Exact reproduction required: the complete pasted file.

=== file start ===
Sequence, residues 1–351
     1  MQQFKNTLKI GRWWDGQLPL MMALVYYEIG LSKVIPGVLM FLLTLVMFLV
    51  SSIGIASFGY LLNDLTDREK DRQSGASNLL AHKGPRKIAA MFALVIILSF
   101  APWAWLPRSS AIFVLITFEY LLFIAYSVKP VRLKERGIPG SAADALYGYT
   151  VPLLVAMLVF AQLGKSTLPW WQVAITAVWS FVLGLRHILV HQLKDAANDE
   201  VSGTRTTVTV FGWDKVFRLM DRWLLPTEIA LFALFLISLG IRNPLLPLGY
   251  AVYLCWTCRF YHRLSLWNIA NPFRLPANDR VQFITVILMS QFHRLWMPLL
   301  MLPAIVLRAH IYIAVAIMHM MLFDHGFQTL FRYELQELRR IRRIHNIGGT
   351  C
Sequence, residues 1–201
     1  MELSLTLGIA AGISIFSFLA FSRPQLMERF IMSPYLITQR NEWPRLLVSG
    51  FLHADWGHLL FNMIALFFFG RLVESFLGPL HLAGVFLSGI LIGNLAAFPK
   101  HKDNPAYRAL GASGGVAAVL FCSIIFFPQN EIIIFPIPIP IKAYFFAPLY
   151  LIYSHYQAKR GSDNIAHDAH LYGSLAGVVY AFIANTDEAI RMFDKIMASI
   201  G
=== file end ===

Sequence, residues 1–351
     1  MQQFKNTLKI GRWWDGQLPL MMALVYYEIG LSKVIPGVLM FLLTLVMFLV
    51  SSIGIASFGY LLNDLTDREK DRQSGASNLL AHKGPRKIAA MFALVIILSF
   101  APWAWLPRSS AIFVLITFEY LLFIAYSVKP VRLKERGIPG SAADALYGYT
   151  VPLLVAMLVF AQLGKSTLPW WQVAITAVWS FVLGLRHILV HQLKDAANDE
   201  VSGTRTTVTV FGWDKVFRLM DRWLLPTEIA LFALFLISLG IRNPLLPLGY
   251  AVYLCWTCRF YHRLSLWNIA NPFRLPANDR VQFITVILMS QFHRLWMPLL
   301  MLPAIVLRAH IYIAVAIMHM MLFDHGFQTL FRYELQELRR IRRIHNIGGT
   351  C
Sequence, residues 1–201
     1  MELSLTLGIA AGISIFSFLA FSRPQLMERF IMSPYLITQR NEWPRLLVSG
    51  FLHADWGHLL FNMIALFFFG RLVESFLGPL HLAGVFLSGI LIGNLAAFPK
   101  HKDNPAYRAL GASGGVAAVL FCSIIFFPQN EIIIFPIPIP IKAYFFAPLY
   151  LIYSHYQAKR GSDNIAHDAH LYGSLAGVVY AFIANTDEAI RMFDKIMASI
   201  G